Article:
““And they will go away into eternal punishment, but the righteous into eternal life.”” (Matthew 25:46, CSB)


The first is eternal punishment. Jesus said that the goats, those who did not show love to everyone, would go away. The punishment is clearly revealed earlier in this passage:

““Then he will also say to those on the left, ‘Depart from me, you who are cursed, into the eternal fire prepared for the devil and his angels!” (Matthew 25:41, CSB)

To those on the left, the goats, the unrighteous, those who do not love others, who have not proven their trust in Jesus, these are the people who go to an eternal fire. This eternal fire, which we call Hell, was originally designed for Satan and his angels. Yet, Jesus sends people there too. He calls them cursed and He says that they should depart from Him. Jesus, not just the Bible, is clear here that if you are not going to be a follower of Jesus, then you will not be with Him forever. The punishment has three characteristics:

1. The punishment is a separation from Jesus

Hell is primarily bad because Jesus is not there. Hell is not just bad because it is hot. Hell is really horrible because the God who made you and saved you will not be in your presence. It is not the presence of Satan that makes Hell bad. Satan is his angels are not going to rule Hell. Hell is a punishment originally designed for Satan and His rebellious angels. It is a supernatural prison set up for supernatural agents. Humans were never designed to go there. Hell is a choice that people make when they choose not to trust Jesus. Satan will not rule Hell. There is no indication in the Bible that Satan rules Hell. It is a prison for him. But it will be a prison for you too. Ultimately, it is the absence of God’s presence that makes Hell so bad.

2. The punishment is eternal

Hell is a punishment that is bad because it will last forever. There is no break. There is no timeout. There is no limit to this punishment. This characteristic of Hell defeats the argument that Hell is a form of annihilation. When you die, there will be a judgment. After the judgment, you will go to one of two places. You will stay in that place forever.

3. The punishment is painful

Don’t think that Hell will be a wonderful place. The fact that it is placed on people who are cursed. God doesn’t curse these people. Instead, the curse that comes upon them is the result of their disobedience. The punishment of fire indicates that Hell will be painful for those who go there.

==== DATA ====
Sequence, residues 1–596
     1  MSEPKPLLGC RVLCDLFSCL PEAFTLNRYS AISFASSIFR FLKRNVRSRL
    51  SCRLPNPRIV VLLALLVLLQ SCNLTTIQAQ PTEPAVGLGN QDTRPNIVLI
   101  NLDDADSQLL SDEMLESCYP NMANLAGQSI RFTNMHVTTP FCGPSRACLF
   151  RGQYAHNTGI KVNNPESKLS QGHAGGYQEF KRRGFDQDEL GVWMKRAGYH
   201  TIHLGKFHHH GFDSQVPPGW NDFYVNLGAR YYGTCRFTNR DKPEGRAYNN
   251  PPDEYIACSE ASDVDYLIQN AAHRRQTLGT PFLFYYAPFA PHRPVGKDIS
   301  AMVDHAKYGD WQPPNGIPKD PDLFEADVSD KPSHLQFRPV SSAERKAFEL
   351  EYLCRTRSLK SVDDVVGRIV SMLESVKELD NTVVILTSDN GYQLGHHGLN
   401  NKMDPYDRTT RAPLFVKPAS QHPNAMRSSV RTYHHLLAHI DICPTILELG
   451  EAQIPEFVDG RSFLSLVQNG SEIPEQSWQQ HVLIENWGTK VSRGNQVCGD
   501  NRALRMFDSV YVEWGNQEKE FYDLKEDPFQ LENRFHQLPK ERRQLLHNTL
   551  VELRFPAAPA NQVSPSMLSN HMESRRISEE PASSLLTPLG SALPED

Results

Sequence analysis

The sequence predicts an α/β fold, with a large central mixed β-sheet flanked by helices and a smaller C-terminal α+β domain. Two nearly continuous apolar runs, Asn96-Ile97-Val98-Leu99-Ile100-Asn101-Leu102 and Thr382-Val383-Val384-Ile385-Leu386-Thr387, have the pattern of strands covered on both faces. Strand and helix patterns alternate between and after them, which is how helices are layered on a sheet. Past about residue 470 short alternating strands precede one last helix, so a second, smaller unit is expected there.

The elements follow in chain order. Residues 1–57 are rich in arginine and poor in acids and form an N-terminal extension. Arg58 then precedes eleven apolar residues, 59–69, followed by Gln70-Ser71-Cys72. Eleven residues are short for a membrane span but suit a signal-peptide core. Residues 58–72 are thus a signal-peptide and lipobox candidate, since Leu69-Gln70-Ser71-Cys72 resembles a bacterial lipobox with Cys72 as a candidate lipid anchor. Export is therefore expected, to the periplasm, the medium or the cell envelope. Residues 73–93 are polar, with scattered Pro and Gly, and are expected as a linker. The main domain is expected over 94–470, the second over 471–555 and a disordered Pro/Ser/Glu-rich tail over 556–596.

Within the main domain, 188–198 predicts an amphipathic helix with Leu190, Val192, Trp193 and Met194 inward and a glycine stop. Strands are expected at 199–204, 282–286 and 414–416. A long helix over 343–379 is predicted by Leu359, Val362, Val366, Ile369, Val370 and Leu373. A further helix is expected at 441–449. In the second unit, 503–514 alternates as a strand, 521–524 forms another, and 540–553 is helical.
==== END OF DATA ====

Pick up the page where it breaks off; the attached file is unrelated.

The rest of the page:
Then the King will say to those on his right, ‘Come, you who are blessed by my Father; inherit the kingdom prepared for you from the foundation of the world.” (Matthew 25:34, CSB)

In contrast to the punishment of Hell, God will give the righteous, those on His right – the sheep, He will give them eternal life. This eternal life is a complete contrast to the eternal punishment. This eternal life also has three characteristics:

1. The life is enjoyable

Heaven is going to a happy place. The word blessed is where we get our word happy. Heaven will be joyous. Heaven will be a celebration. God will make Heaven a happy place and He will make us happy there. Heaven will not be boring. I don’t know what everything in Heaven will be like. But I do know that it will be a place of joy. Jesus pointed to this

2. The life is with the Father

Heaven is a happy place because God is there. That is what makes Heaven a happy. Just as Hell is bad because God is not there, Heaven will be great because God is there.

3. The life is prepared for you to inherit

God prepared Heaven for you and me before He created you and me. I don’t pretend to understand everything about what God has prepared “from the foundation of the world” for me. But I am happy to accept it. As great as all that in Heaven will be, God doesn’t want us to be selfish.

Author and activist Shane Claiborne comments,

When we get to heaven, though, I’m not convinced Jesus is going to say, “When I was hungry, you gave a check to the United Way and they gave me something to eat,” or, “When I was naked, you donated clothes to the Salvation Army and they clothed me.” Jesus is not seeking distant acts of charity. He seeks concrete acts of love: “you gave me something to eat … you gave me something to drink … you clothed me … you invited me in … you looked after me … you came to visit me [in prison]”.6 Because love is something you do.

How will I be judged by Jesus? As we look forward to this Christmas season, how will take the expectations He gives me here, and how do reach out to people around me to share the love of Jesus? How will you make love something you do for someone around you in need during this Christmas season? Because love is something you do.

1 Tony Evans, Tony Evans’ Book of Illustrations: Stories, Quotes, and Anecdotes from More than 30 Years of Preaching and Public Speaking (Chicago, IL: Moody Publishers, 2009), 81.

2 “What Is the Great White Throne Judgment?,”, accessed on 24 November 2017.

3 Warren W. Wiersbe, The Bible Exposition Commentary, vol. 1 (Wheaton, IL: Victor Books, 1996), 93.

4 Michael J. Wilkins, Matthew, The NIV Application Commentary (Grand Rapids, MI: Zondervan Publishing House, 2004), 811.

5 Daniel J. Ott, “Theological Perspective on Matthew 25:31–46,” in Feasting on the Gospels: Matthew, Chapters 1–28, ed. Cynthia A. Jarvis and E. Elizabeth Johnson, First Edition., vol. 2, A Feasting on the Word Commentary (Louisville, KY: Westminster John Knox Press, 2013), 266.

6 Shane Claiborne, “The Great Divide,” Relevant 45 (May 5, 2010): 84–85.

 In Jeannine K. Brown, Matthew, ed. Mark L. Strauss and John H. Walton, Teach the Text Commentary Series (Grand Rapids, MI: Baker Books, 2015).